“People often think that change can be enforced from the top, with directors deciding who should do what… However there are disadvantages: many CEOs do not dare take radical steps, giving rise to half-hearted projects. With coercion you can expect sabotage, opposition and frustration. Instead, find the rebels, inspire them with your vision – and support them… Most progressives use a similar methodology. It may be different from the syllabus taught in business schools, and it may not be what the traditional consulting firms recommend. But it’s what we’ve seen in practice, over and over again.”



4. Find Your Why: A Practical Guide for Discovering Purpose for You and Your Team (2017) by Simon Sinek, David Mead & Peter Docker
“The key to achieving fulfilment starts with understanding exactly WHY we do what we do.” The follow-up to Sinek’s Start With Why recaps on its key principles but also translates them into a ‘how to’ guide. It sets out easy-to-follow exercises and workshop plans, helping organisations identify their purpose and place it at the heart of their working practices.


“To keep the WHY alive over time, we must keep it front and center, communicating it and committing to living it – on purpose, with purpose – every day… In an organization, when the WHY goes fuzzy, we call this the ‘split’… Although we may not be able to articulate the change, we can all recognize when the organization experiences the split. Symptoms include increased stress, decreased passion and lower productivity, engagement and innovation. People start saying things like ‘It used to feel like a family around here. Now it just feels like a job.'”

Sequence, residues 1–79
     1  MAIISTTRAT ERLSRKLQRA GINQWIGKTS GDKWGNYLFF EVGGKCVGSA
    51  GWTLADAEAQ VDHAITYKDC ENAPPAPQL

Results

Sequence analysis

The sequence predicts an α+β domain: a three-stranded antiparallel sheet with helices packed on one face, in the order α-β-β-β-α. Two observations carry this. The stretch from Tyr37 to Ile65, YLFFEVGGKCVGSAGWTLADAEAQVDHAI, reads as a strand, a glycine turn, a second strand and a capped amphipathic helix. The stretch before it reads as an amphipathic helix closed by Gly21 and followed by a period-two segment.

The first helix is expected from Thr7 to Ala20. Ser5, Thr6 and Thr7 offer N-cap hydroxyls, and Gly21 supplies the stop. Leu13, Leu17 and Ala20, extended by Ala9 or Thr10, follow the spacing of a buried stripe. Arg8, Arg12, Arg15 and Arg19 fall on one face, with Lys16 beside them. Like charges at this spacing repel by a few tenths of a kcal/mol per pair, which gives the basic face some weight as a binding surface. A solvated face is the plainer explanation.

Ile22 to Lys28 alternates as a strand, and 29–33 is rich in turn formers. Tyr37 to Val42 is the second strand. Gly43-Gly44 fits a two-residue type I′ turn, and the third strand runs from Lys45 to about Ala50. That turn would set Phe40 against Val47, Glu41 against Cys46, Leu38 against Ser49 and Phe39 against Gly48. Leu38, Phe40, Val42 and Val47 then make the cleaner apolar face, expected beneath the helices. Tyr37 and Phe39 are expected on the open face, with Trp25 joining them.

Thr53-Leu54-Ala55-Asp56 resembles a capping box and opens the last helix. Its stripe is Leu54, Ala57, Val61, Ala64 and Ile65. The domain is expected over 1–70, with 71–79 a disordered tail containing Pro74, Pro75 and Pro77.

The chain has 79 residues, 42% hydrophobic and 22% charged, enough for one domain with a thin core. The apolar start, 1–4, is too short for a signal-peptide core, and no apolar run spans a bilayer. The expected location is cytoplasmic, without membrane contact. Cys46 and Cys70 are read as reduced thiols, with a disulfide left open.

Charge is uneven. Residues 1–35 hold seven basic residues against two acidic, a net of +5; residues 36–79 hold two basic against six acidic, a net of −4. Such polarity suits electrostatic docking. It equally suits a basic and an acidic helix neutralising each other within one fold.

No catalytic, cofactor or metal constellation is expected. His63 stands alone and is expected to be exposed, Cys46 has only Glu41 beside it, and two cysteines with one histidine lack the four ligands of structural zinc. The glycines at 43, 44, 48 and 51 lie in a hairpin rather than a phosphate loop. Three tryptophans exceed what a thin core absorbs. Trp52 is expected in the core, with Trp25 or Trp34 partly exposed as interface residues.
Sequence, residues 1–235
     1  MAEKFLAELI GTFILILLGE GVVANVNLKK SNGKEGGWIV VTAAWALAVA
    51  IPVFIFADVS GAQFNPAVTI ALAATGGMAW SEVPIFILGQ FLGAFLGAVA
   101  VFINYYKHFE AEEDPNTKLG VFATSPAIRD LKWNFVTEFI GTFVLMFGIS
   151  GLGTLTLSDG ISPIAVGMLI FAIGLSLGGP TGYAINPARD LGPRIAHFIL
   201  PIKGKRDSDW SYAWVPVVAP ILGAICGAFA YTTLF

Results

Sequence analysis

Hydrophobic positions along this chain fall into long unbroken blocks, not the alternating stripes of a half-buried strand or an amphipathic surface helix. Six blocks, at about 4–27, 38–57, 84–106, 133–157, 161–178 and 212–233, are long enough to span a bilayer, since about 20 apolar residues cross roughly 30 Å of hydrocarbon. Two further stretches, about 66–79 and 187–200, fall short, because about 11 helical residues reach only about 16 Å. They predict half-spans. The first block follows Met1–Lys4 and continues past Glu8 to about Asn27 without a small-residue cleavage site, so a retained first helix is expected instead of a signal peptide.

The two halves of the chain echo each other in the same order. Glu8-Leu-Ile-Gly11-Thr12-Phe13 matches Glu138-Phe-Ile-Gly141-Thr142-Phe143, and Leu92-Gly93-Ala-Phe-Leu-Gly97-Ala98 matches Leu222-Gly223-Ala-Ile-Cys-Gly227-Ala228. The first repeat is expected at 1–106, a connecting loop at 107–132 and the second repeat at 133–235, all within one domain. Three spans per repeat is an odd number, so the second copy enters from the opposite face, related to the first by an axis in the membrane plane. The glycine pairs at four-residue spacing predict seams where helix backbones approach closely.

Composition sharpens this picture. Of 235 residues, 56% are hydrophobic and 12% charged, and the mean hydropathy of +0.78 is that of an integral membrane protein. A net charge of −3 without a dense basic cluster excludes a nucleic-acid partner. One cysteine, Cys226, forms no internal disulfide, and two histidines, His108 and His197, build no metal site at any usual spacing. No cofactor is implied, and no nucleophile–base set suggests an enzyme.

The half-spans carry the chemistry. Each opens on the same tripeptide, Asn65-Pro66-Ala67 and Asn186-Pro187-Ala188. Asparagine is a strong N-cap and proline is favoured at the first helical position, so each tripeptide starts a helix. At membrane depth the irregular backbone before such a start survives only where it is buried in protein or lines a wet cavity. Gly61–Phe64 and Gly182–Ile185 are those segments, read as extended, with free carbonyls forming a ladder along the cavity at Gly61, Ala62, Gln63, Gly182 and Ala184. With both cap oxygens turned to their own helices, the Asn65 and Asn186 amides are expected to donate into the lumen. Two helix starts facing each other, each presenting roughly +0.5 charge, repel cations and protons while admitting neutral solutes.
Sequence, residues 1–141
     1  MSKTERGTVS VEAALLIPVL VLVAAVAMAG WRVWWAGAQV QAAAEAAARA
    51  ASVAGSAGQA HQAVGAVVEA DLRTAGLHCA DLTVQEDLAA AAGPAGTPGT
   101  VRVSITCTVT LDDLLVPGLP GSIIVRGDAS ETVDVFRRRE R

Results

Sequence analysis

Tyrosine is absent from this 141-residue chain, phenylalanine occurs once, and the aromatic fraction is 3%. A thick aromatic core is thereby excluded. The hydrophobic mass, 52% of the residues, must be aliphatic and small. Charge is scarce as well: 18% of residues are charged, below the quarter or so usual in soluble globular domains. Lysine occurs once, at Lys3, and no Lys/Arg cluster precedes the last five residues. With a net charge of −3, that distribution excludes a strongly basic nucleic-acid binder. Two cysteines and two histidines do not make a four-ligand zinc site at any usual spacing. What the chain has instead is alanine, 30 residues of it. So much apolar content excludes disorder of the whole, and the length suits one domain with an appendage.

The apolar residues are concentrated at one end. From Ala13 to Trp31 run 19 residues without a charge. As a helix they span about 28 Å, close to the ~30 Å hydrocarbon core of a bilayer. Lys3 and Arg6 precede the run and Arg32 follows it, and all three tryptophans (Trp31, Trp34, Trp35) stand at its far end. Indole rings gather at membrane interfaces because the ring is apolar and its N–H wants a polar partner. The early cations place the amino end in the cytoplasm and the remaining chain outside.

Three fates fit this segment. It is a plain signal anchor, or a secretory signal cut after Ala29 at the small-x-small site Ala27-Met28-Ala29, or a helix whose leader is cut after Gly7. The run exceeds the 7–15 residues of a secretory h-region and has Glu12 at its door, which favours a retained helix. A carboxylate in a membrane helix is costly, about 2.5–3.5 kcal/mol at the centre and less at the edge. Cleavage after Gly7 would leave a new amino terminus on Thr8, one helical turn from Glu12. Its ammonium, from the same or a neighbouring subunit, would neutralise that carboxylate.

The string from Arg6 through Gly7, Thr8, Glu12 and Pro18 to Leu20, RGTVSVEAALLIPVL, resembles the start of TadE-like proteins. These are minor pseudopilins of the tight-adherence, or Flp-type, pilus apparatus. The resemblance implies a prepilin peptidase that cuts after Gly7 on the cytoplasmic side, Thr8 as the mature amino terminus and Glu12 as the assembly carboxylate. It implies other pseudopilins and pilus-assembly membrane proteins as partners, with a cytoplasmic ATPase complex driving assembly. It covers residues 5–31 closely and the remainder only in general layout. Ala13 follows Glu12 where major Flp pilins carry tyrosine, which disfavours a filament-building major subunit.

5. Finding the Space to Lead: A Practical Guide to Mindful Leadership (2014) by Janice Murturano
This one speaks more to the individual experience and the ‘inside-out’ aspect of workplace transformation. But it’s targeted at leaders, so there’s more chance of it influencing organisational practices too. Murturano is an ideal ambassador for mindfulness – eminently sensible and credible for a business audience while also staying true to the message.


“On the path to becoming an influencer in many organizations ad groups, you can be presented with enticing invitations to be like someone else, or moments that beckon you to ignore that gut feeling and step away from the values and ethics you hold deeply. There are … the pressures of meeting this quarter’s numbers, the calls to ‘do something’ even when patience is the better course, and the statements about what ‘everyone’ is doing in the marketplace as justification for actions that take you into gray areas. It takes strength and courage to stand in ‘who I am’ at moments like this. The more time you spend in exploring and understanding yourself, the more likely you are to find that strength and courage.”



It’s encouraging to see more books in this vein being published and well-reviewed by other business people. But many of the ideas they set out still seem to be in an ‘innovator/early adopter’ phase. What will it take for them to seep into the mainstream? Let’s all join this movement and help it to gather momentum – so that more of us are supported in better ways of working.